Broccoli grows fairly large, so giving it some room to grow is important. Place seeds or starts about 18" apart and rows between two and three feet apart, to give you some room to walk. You can do two or three rows close together between walkways if you like to maximize spacing, but any more than that will make them hard to reach.
Pests can be wide ranging, from cabbage looper caterpillars and cabbage-worms in cooler weather to grasshoppers and harlequin bugs when the weather has warmed up. The best way to manage these is to take a walk through your garden daily and look for damage.
If you find any, look under the leaves and pull off and remove any pests. If you have chickens, they'll appreciate the snack, or the bugs can easily be squished. BT can also be used to eliminate caterpillar populations, but will need to be sprayed weekly to be effective.
Harvesting your broccoli is easy. Cutting the stem five to six inches below the head will send the signal to the plant to continue growing new heads.
Don't wait too long, or your broccoli will bolt, and the florets will spread out and become bitter. Note: if it does bolt, the yellow flowers are edible and great in salads. The leaves are also edible; young, tender leaves can be eaten raw in salads, and the older leaves cooked like spinach or kale.
And you can always harvest your broccoli, cut it up, and freeze it to be used later.
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Lawn (lon) noun. A usually closely mown plot or area planted with grass or similar plants. [variant of obsolete laund, from Middle English launde, lawnde, from Old French launde, heath]
Heath (heeth) noun. 1. Any of various usually low-growing shrubs of the genus Erica and related genera, native to the Old World, having small, evergreen leaves and small, urn-shaped pink or purplish flowers.
2. An extensive tract of open, uncultivated land covered with such shrubs or similar plants; a moor.
Moor (moor) noun. A broad tract of open land, often high but poorly drained, with patches of heath and peat bogs.
At what point of history did a lawn become defined solely as closely cropped green turf grass? Was it originally to walk on? Was it developed at the time we domesticated animals such as cows, horses, and sheep that fed on grasses?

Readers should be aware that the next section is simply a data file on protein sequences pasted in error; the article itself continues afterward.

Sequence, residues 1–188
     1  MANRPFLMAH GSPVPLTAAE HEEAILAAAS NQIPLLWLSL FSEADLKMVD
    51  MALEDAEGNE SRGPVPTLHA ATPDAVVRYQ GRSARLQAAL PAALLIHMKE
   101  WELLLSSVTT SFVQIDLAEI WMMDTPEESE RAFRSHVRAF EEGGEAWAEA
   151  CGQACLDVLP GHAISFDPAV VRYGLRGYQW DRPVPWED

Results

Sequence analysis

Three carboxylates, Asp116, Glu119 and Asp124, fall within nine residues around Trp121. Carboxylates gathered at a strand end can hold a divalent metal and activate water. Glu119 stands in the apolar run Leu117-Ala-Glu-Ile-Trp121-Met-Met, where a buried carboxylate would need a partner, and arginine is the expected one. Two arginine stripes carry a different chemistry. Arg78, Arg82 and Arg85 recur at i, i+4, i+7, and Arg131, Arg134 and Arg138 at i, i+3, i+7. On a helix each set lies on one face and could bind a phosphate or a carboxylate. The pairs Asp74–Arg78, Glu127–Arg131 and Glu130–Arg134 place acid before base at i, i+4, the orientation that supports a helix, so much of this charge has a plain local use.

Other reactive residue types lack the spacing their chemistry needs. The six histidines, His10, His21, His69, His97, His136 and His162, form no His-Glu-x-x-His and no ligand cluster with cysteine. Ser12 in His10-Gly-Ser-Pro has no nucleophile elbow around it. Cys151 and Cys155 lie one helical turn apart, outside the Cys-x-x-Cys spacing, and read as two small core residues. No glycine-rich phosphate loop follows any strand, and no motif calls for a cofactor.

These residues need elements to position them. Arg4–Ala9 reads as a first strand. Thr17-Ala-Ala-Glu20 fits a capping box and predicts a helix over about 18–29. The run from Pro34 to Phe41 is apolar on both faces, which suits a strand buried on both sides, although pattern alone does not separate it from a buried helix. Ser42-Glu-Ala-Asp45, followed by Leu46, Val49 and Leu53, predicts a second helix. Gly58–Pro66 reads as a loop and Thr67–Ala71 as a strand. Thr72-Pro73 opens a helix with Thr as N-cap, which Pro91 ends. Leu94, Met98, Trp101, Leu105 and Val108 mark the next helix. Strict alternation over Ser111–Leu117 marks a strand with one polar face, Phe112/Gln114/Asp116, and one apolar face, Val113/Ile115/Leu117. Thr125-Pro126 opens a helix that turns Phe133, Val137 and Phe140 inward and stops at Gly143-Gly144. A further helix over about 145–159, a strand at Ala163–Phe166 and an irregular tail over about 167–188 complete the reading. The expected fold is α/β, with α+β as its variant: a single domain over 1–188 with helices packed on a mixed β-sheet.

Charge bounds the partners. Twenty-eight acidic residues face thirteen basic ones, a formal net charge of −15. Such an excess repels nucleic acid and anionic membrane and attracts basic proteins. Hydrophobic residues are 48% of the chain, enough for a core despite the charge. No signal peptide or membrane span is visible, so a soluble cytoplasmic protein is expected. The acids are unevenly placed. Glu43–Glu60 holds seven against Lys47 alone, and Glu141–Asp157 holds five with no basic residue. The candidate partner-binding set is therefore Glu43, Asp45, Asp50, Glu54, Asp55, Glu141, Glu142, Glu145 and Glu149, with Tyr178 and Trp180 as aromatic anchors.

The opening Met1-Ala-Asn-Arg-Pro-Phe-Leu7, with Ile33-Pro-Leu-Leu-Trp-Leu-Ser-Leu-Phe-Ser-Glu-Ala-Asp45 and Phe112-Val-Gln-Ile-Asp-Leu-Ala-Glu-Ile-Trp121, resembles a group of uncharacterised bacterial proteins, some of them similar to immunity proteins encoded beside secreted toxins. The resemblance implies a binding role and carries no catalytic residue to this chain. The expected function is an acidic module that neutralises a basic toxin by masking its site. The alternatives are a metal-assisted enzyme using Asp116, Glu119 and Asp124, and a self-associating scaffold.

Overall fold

Was it for lawn bowling, golf, or cricket?
"True" grasses include not only what we now know as lawn grass, but also cereal grains, as well as those grains grown as ornamental garden grasses.
Bamboo is also in this category. Over the years, the meaning of grass has expanded to include a wide range of plants with narrow to strap-like leaves. This group includes rushes, sedges, liriopes, flax (phormium) and cattails.
Today, we also have an even greater list of plants that can be used instead of a turf grass. We call them "lawn substitutes" when they are used in this fashion.
All of these plants, as well as the grasses listed above, can be members of your gardens--functioning in a decorative way and complementing other plantings.
There are many reasons to consider alternative plants in place of a regularly mown lawn: too much shade, too little water, too much water, a preference for alternative ground covers, a preference for alternative grasses, and the need for regular mowing.
There are many beautiful options available today. For example, a number of no-mow ornamental grasses can be used in hard-to-mow areas, or even in a large area, if you like a natural look.
There are many lawn substitutes to choose from, depending upon your needs and requirements. The choices increase if you have areas with very little foot traffic. Use substitutes in combination with each other by placing the most traffic-tolerant plants in the heaviest foot traffic areas. Add in some of the many ornamental grasses for a bit of height.
Many plants besides the usual lawn grasses will tolerate foot traffic. Some of these flower; others release a wonderful fragrance with each step. Some even do both.
Today, more and more people are bringing back a more natural look to their yards and gardens.
Many areas of the country are working hard to maintain and reestablish the native plant habitats. You can join in this passionate evolution of gardens.
Remember, until recent years, grass meant only a "lawn," green and mown.